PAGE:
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“The Greatest Country in the World” revisited

Dear U.S. Citizens,

I don’t claim to speak for everyone, of course, but from the perspective of this particular Canadian, I thought you might be interested to know that at least a few of us north of your border are alternately confused, offended, amused, and turned off when we hear you and your politicians refer to the U.S. as “The Greatest Country in the World.”

I totally get that you love your country. And I understand that you’re proud to be an American. I don’t necessarily relate to your particular brand of patriotism… here in Canada we’re much quieter and far less demonstrative when it comes to that sort of thing… but I appreciate your fervor and passion (and, if I’m honest, wish we had a little more of it here in my country).

But… the greatest? Honestly?

I’m very happy living in Canada, and I love its unique character, attributes, and benefits. That said, I think I could be equally happy living elsewhere and appreciating that country’s particular ethos. But no matter where I lived, no matter how wonderful I might think it was, I can’t imagine being either naive, insecure, or arrogant enough to presume that it was the greatest country in the world. Pretty darn wonderful, yes. The most familiar and comfortable to me, yes. Preferable to me over another country, even. But… the greatest?

EarthI’m sorry, but I just don’t get it.

We live in a big, beautiful world, my friends, where there is no need for superlatives like “greatest” to label one particular chunk of land or group of people. Be proud of your country, yes… but at the same time open your minds, expand your horizons, and be secure enough in what’s great about the land in which you live to appreciate, accept, and acknowledge the greatness in others.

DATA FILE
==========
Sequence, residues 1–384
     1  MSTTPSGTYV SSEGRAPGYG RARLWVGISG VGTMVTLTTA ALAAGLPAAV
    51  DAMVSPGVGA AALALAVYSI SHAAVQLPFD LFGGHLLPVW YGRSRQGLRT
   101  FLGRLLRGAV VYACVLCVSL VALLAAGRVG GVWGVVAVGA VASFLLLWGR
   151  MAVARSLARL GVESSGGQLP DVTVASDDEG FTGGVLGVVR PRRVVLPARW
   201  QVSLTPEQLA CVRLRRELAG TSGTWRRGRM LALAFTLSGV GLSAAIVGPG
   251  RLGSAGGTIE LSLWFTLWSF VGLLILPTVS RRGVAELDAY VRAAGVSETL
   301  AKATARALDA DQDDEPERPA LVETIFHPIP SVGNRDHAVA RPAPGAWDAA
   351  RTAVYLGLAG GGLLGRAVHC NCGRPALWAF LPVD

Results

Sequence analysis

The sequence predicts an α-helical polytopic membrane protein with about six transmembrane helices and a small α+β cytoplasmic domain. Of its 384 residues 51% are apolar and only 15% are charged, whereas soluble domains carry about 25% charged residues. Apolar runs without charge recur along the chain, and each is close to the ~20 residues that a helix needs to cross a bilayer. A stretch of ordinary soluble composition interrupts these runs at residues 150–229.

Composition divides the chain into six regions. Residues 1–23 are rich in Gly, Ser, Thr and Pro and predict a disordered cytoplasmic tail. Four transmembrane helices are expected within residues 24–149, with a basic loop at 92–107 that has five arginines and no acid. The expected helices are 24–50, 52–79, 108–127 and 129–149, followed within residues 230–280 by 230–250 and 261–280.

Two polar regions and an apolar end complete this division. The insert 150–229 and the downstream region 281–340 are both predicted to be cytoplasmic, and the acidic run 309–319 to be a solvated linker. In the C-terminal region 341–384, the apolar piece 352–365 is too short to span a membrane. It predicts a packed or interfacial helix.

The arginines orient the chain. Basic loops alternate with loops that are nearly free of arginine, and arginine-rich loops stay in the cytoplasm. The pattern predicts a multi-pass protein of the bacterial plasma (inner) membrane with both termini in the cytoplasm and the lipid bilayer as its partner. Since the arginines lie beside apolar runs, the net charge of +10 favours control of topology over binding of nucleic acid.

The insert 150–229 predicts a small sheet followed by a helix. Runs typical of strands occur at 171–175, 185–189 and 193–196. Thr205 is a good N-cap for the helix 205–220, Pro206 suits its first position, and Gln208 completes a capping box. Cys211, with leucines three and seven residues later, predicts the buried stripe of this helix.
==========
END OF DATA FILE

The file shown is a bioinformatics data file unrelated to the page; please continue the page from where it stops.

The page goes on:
The rest of the world will thank you.

Sincerely,
A (quietly proud) Canadian

(originally posted August 21, 2009)

Laurel Regan – Writer, tangler, iPhoneographer, cat herder, learner of French and Italian, crocheter, needle felter, Growlita, iFan, on-and-off politics junkie, 80s music trivia freak, ongoing work in progress.

{ 22 comments… add one }

  • Joe BW Smith April 23, 2012

    I’m with you, Dawn. Maybe I’ll get deported for typing this. The chest thumping is an odd exercise.

    • Laurel Regan
      Twitter:
      April 24, 2012

      I’m glad I’m not the only one who doesn’t get it, Joe. Maybe you’re a closet Canadian?! ;)
      Laurel Regan recently posted… “The Greatest Country in the World” revisitedMy Profile

      • Joe BW Smith April 24, 2012

        It all began with watching the CBC propaganda as a child growing up in the Seattle metro. Actually, it all began with family members traveling a lot. I value perspective. I also value competition. But the greatest country thing is foolishly subjective.

        We have explored living in Canada–my brother married a Canadian and got his PhD from U. Alberta. It just didn’t work out. In enjoy my trips to Canada whenever I get the opportunity. Dreaming of a trip to Atlantic Canada and Newfoundland/Labrador.
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  • Honestly? This ‘proud American’ has no idea if this is the best country in the world. I’ve only been to 3 countries in my 48 years and would likely be as happy in any of them. Seems like it’s a pretty powerful country, for what that’s worth, but that’s just from the inside looking out.
    I’m just happy with MY little piece of the country, whatever country I might find that in.

    It must get rather boorish, all of our talk. lol